Then the PACU nurse delivered devastating news; the procedure had been abandoned mid-way – with the liposuction performed on the left only, because she had gone into respiratory arrest during the procedure.  The nurse also whispered confidentially, that she was “lucky” because the surgeon and one of his staff members had been noticeably intoxicated on their arrival to the operating room, and had left immediately before the procedure [presumably] to “do some more cocaine.”

Later, when the anesthesiologist arrived, the patient questioned him gently; about her intubation experience, the abrupt discontinuation of her surgery – and as to what had happened.  “Nothing happened”, she was told repeatedly.  “Everything went absolutely fine.”  When she insisted, asking why her surgery did not match what was initially planned – the anesthesiologist left.

When the surgeon finally arrived, he was equally uncommunicative.   In answer to her questions; “Did anything happen during my surgery?” he gave repeated denials and assurances that ‘everything was fine.’   He also denied taking any photographs.

When she asked why, then, did she only have half the procedure completed, he answered, angrily, “because I changed my mind,” before stalking out.

When her family came to help her dress and leave the surgical center, there were even more surprises, a series of rounded, purplish marks on her chest.  “My mom asked if they were hickeys, and when I looked in the mirror – that’s exactly what they looked like.”  Being familiar with surgery, and medicine, I interrupted to ask if they could be from the electrodes, CPR or anything else.  “I don’t know” she answered, “but they sure don’t look like any of the marks I’ve seen on other patients before.”

These marks along with a fateful encounter as she was leaving the clinic are what haunt her to this day.  As she was leaving with her family, a young man was chuckling and staring at her as she walked past.  She looked over at him, and he started laughing, saying, “I recognize your face, [and your body] from the photos passed around the hospital.”  The photos that no one will admit to taking.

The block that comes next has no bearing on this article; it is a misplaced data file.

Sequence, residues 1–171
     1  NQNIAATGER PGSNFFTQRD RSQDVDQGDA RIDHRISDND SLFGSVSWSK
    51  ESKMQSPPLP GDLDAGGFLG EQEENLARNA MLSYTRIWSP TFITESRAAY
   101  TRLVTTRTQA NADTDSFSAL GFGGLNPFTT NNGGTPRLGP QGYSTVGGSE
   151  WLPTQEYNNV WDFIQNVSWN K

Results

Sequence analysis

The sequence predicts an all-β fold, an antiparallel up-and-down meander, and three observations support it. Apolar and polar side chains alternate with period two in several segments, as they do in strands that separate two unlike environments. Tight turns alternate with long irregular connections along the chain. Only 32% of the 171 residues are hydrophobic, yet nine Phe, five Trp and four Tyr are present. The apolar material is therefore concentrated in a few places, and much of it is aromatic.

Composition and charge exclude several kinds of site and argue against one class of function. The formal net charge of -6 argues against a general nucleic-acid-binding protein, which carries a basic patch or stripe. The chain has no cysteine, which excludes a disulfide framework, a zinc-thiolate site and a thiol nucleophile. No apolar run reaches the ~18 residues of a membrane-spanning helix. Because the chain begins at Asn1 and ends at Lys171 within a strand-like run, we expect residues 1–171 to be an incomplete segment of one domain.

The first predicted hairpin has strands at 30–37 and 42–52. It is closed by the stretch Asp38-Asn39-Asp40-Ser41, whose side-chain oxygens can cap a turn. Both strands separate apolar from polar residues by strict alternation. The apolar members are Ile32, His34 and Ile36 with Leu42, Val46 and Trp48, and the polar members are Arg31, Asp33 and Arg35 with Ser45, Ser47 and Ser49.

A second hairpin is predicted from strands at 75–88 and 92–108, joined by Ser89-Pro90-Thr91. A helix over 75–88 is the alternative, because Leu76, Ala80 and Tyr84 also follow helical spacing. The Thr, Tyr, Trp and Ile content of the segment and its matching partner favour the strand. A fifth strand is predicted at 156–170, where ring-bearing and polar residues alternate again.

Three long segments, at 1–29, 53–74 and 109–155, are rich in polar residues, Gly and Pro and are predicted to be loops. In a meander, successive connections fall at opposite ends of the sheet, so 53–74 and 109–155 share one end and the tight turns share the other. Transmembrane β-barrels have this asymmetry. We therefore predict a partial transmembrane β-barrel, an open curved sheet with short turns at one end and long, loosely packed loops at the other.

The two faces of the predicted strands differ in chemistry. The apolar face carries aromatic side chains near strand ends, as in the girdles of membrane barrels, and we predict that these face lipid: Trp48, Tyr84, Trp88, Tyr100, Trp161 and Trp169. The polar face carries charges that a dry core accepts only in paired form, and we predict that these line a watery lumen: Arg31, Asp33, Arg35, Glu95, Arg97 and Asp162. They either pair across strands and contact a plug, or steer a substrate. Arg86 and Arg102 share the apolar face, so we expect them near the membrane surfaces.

Even now – she has evidence of the botched procedure – one side of her abdomen has is lumpy and uneven with furrowed tunnels (an attempt at liposculturing, she thinks).  When comparing it to the side that was untreated – she begins to lament the folly of her procedure – and yet again, to blame herself.

“I wish I had never done it.  Now I have to see this everyday.  I am afraid to ever have surgery again (to fix it).”

At the end of the interview, she is in tears, and she leans over and whispers in my ear: the surgeon’s name.

I wish I could prove it,” she says.  “This should never happen to anyone else.”  She states that when she went back to talk to the original nurse (from the recovery room), the nurse was no longer there – so her only collaborating witness is gone.  While her family saw the results – they were told the same story she was, that the surgery preceded normally, and that the surgeon ‘changed his mind’ in the middle of surgery.  Repeated calls to the surgeon for more information have gone unanswered.

I wish she could prove it too – the ensure that everyone knew the name of this heartless surgeon – to prevent anyone else from becoming a victim.  But even without the name, it’s a strong reason for me to continue doing what I do now.

[Readers should note that while this occurred in Mexico – unfortunately events such as this have occurred around the world.  In the 1990’s there was a widespread scandal as a notable plastic surgeon attempted to sell photos to a tabloid of Michael Jackson, Liz Taylor (among others) that were taken without their knowledge during plastic surgery procedures.]

Update:  There is a new scandal at John Hopkins in the wake of the February suicide of one of their popular OB/GYNs who is believed to have taken pictures of his patients secretly, using a mini – camera hidden in a pen.

Likely Suicide of Johns Hopkins Ob/Gyn Tied to Secret Photos” article by Robert Lowes, Medscape, February 2013.